Industry's cautious welcome for Spring Statement
The Chancellor of the Exchequer, Philip Hammond gave his first Spring Statement on 13th March, and used this to highlight some key issues facing the construction industry. Whilst telling the country that our “best days lie ahead of us”, the chancellor touched on the late payments issue and its effect on the UK’s small businesses. Hammond called for evidence on “how we can eliminate the continuing scourge of late payments”.
The Specialist Engineering Contractors Group (SEC) responded cautiously to this. CEO Rudi Klein commented that over the past 10 years there have been almost 25 different initiatives, reports, codes and charters concerned with improving payment performance in construction but the industry continues to be the worst sector for payment abuse.
He said: “All these initiatives have not brought about the hoped-for improvements in cash flow security. However, the wording of the Chancellor’s statement appears to show a determination to deal with the problem once and for all.”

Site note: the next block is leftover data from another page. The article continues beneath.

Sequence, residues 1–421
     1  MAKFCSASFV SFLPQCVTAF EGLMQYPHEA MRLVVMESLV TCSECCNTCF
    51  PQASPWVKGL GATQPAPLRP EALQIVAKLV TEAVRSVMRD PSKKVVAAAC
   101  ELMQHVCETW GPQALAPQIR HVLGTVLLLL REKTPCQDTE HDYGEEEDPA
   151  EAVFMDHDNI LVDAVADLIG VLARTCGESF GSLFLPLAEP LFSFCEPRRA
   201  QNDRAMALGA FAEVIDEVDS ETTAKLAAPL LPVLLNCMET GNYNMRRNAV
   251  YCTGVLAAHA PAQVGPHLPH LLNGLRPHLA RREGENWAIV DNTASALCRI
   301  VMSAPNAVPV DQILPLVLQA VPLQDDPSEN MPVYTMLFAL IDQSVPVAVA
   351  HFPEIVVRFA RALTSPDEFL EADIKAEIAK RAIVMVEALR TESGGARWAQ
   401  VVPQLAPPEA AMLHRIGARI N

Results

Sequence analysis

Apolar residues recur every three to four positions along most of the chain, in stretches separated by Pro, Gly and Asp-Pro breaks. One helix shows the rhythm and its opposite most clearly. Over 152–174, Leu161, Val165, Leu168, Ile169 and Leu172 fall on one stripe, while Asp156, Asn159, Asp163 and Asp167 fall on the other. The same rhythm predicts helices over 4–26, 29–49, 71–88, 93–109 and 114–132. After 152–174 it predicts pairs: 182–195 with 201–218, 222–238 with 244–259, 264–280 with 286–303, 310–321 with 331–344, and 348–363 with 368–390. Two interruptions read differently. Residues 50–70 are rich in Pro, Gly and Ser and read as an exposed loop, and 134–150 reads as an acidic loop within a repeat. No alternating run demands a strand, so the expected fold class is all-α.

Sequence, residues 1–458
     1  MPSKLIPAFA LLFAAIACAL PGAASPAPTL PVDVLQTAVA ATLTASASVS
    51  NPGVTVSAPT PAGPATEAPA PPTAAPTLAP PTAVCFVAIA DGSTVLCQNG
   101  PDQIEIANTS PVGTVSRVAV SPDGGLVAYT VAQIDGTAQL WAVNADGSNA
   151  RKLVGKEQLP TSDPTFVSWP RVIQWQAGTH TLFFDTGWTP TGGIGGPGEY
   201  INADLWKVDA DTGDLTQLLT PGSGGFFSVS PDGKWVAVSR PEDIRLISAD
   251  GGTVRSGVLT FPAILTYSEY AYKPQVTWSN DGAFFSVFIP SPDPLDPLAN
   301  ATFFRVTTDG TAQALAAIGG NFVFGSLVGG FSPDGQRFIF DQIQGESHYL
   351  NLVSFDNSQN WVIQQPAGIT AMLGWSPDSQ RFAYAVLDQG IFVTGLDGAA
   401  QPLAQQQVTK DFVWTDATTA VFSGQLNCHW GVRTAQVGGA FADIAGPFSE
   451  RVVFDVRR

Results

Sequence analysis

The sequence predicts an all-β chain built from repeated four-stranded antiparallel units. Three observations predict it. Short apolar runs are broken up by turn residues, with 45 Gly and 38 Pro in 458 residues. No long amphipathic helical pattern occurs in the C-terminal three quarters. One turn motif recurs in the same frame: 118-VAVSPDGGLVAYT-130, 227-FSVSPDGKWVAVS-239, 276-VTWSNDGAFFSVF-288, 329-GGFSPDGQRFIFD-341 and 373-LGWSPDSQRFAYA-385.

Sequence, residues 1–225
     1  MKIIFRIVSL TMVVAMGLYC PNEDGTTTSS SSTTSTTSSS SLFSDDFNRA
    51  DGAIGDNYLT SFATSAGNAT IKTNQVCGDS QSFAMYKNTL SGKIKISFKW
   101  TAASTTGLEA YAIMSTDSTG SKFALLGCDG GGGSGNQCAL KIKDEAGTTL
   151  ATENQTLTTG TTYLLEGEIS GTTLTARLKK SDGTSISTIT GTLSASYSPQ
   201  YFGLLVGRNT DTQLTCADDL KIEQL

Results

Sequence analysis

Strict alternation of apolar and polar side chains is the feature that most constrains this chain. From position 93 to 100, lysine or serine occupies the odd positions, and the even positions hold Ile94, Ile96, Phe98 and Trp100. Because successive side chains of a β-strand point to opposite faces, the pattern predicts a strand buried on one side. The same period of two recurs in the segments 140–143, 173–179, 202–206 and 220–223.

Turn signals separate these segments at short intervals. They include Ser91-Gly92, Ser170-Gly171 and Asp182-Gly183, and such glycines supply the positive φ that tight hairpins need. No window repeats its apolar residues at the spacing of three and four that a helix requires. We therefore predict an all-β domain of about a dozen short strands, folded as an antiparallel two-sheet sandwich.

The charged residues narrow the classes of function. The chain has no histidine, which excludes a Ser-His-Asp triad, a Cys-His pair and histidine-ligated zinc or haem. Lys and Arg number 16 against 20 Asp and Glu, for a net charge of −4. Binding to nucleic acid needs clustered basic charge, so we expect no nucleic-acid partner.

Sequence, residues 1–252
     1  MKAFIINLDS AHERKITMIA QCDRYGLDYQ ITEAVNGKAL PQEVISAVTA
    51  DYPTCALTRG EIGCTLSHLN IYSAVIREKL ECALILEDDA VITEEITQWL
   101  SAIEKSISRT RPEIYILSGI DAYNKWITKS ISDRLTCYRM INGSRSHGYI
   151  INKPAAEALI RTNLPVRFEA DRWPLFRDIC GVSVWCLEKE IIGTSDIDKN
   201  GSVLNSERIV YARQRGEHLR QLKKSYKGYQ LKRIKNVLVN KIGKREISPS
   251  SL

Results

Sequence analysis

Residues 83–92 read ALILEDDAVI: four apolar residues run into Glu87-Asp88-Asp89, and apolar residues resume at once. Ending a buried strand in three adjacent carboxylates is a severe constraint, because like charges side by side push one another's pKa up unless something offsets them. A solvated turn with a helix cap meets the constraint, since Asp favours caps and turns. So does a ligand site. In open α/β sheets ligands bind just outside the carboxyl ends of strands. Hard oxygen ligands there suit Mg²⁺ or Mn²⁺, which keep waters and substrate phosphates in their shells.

In related news, BESA and ECA announced that more than 60 trade bodies have joined them in uniting behind the Aldous Bill which proposes that cash retentions owed to the construction supply chain be held in trust. In the construction sector, retentions are a key cause of late payments, with billions owed to sub-contractors at any time.
ECA director of business Paul Reeve commented: “Quite simply, the time for major change to retentions is now. Putting retentions in trust would help to protect the supply chain from future upstream insolvency and it would reduce the amount held in retentions when buyers see that they can no longer use suppliers’ cash to support their own business model.”